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What Is Reasonable Cause For Penalty Abatement?

Reasonable cause for penalty abatement is defined in the Internal Revenue Code under section 6664C and in the Treasury Regulations which explain the revenue code section. The reasonable cause for penalty abatement can include reasons such as reasonable reliance on a tax professional or written reliance on the IRS themselves. It can also include a death in the family, or something else that caused the arrears to occur. It can include substantial authority meaning if you were relying on tax law precedent or a court case from the tax court or federal circuit court on the position that you were taking on the tax return.

What Is The Process Of Requesting And Filing For A Penalty Abatement?

The process for filing penalty abatement depends on where your case is, whether you are undergoing an audit or whether you are already in collections with the IRS. If you are under examination, an examiner will issue an audit report and sometimes they will include an accuracy-related penalty or fraud penalty, whatever they feel should apply. You can dispute that penalty once that proposed balance due comes out by writing a letter to the examiner basically explaining why you believe the penalties should not apply. If you’re still in disagreement, you don’t have to accept the exam report. Even if you accept the outcome of the audit, you can still appeal the penalty portion or file a petition with US tax court to dispute that penalty.

If it’s an assessed balance, meaning you are currently in collections, then you file for a penalty abatement by filing form 843, a request for refund or abatement. In that form, you will explain the reasons that you’re relying on to request the penalty abatement. Generally speaking, you have to state some type of reasonable cause that you are relying or oftentimes, if you don’t have a reasonable cause, you can try to throw yourself at the mercy of the IRS and state that you’ve always filed and paid your taxes on time, that this is the first time you’ve made a mistake and even though it’s entirely at that point up to the discretion of the IRS, sometimes they will approve the penalty abatement if they see you have a good tax filing compliance. If you did file a request for penalty abatement, then if it comes back, you can appeal that decision and if you pay the balance due, you can even file a suit in the district court if the IRS continues to disallow the request for penalty abatement through the appeals process.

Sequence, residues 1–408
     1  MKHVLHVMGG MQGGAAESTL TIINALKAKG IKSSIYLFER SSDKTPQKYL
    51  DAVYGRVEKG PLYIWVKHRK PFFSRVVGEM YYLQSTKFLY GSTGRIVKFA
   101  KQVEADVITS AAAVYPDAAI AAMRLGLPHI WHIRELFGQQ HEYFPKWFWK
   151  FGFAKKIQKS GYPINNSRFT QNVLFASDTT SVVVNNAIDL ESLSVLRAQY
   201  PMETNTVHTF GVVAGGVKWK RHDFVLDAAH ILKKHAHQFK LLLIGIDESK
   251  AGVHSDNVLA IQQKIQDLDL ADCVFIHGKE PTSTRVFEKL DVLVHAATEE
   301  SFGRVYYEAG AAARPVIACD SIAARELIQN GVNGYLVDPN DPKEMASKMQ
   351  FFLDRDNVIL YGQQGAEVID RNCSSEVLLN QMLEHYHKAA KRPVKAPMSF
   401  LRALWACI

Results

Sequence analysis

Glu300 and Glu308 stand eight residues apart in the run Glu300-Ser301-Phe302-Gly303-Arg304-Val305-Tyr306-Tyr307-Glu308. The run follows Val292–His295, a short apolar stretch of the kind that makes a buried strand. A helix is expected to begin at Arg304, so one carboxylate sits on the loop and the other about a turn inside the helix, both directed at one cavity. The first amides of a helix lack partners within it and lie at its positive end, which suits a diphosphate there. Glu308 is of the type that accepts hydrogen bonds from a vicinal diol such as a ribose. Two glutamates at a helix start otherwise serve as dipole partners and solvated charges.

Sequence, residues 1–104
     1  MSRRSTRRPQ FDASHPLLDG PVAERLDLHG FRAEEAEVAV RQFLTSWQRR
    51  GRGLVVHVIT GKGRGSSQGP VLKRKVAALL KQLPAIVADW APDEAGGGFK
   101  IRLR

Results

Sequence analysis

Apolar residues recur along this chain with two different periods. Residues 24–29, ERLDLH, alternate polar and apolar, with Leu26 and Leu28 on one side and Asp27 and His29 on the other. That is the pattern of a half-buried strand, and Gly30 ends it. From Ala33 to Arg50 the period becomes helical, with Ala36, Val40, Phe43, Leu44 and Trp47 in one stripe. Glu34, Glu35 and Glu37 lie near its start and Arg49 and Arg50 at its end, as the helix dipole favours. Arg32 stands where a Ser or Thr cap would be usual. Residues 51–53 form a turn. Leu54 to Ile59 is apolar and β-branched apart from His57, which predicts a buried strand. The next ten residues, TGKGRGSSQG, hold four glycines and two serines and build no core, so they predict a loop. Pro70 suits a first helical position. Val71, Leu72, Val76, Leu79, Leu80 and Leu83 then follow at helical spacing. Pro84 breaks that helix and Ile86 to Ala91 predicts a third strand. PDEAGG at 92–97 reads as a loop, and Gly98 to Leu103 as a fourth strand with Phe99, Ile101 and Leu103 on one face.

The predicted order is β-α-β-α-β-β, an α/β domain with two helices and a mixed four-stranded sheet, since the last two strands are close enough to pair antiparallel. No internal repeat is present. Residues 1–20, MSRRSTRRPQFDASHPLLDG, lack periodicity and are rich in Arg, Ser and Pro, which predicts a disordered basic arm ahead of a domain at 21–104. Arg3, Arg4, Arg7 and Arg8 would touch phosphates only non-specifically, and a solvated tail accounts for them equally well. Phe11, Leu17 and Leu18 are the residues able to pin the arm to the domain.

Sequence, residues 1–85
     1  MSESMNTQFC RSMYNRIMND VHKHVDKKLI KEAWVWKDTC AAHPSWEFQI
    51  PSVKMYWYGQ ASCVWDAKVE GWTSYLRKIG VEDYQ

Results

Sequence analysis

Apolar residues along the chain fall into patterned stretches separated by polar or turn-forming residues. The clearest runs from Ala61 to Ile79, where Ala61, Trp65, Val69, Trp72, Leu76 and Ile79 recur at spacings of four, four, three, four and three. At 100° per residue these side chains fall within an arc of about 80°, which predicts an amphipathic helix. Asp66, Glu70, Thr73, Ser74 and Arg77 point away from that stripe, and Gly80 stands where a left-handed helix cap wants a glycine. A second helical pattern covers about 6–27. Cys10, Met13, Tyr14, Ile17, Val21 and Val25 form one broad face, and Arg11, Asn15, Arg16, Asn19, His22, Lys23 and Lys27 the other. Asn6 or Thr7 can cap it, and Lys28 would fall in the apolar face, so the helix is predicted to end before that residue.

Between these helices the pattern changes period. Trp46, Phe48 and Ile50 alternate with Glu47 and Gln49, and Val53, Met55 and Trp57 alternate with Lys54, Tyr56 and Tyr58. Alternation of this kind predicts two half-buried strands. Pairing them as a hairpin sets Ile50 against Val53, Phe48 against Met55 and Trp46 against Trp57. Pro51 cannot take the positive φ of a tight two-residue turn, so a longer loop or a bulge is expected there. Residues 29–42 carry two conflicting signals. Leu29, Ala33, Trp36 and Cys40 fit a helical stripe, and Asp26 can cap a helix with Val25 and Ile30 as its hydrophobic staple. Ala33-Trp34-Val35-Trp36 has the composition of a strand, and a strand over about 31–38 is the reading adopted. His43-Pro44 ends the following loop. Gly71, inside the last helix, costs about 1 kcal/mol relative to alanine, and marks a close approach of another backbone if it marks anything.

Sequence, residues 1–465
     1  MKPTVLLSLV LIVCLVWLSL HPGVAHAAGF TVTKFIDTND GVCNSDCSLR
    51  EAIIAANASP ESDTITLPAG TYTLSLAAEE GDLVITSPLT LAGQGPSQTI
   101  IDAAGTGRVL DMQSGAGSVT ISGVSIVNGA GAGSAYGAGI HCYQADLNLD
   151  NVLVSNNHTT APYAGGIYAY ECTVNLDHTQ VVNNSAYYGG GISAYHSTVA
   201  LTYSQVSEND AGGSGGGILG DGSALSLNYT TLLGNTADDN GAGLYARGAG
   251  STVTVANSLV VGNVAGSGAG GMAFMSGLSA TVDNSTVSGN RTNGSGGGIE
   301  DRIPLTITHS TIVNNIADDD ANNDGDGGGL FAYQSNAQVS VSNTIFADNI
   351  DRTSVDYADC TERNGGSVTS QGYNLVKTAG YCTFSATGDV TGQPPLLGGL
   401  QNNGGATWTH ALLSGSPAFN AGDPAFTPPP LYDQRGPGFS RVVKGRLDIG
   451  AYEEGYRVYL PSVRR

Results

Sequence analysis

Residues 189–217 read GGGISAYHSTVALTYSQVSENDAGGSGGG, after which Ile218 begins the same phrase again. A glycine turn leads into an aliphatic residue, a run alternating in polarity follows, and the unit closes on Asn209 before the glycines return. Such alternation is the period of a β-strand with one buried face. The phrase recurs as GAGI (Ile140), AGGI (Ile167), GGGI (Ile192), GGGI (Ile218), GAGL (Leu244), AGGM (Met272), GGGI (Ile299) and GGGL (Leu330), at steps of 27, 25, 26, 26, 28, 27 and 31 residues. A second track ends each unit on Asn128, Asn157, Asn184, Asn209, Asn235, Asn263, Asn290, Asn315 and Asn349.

What Are Other Options If Penalty Abatement Doesn’t Work?

If penalty abatement doesn’t work, you can dispute it depending on if it’s in an audit process to US tax court or you can pay the balance and file a suit in federal district court. If penalty abatement doesn’t work, you can attempt to reduce your balance due by filing an offer in compromise. That’s an option as well. You can try to get the Taxpayer Advocate Service involved too.

How Much Will I Need To Pay With An Offer In Compromise?

An offer in compromise is a discretionary program with the IRS. Basically, it’s a program that they started to help taxpayers get back into tax compliance and the amount that you will have to pay depends on what the IRS calls your reasonable collection potential. The IRS will evaluate your entire financial situation, look at all your assets, all your liabilities with those assets, your income, the income of your spouse and then they will take all your assets into account, all the equity you have in all assets and also your monthly disposable income for the household after all expenses are taken into account and then they’ll come up with the minimum amount that the IRS will generally settle for. So, the amount can really vary depending on your financial situation.

It could be as little as $500, it could be as much as $500,000, it just depends on the person’s financial situation. Not everyone will qualify for an offer in compromise since it is based purely on the person’s financial situation.

How Long Does It Take To Get An Offer In Compromise?

To get an offer in compromise, the process can take anywhere from four months up to two years. By statute, the IRS has to answer your offer in compromise within two years. If they do not answer it within two years, then your offer is automatically approved. But unfortunately, because of the lack of resources, they are taking a very long time to process offer in compromises. The good news is while your case is on offer in compromise pending status, all collection action against you must cease so the IRS cannot take any levy action. They may file liens against the property to protect their interest but they cannot take any levy action against bank accounts, wages or any real or personal property that you may have.

For more information on Reasonable Cause For Penalty Abatement, a free initial consultation is your next best step. Get the information and legal answers you are seeking by calling (714) 321-3369 today.

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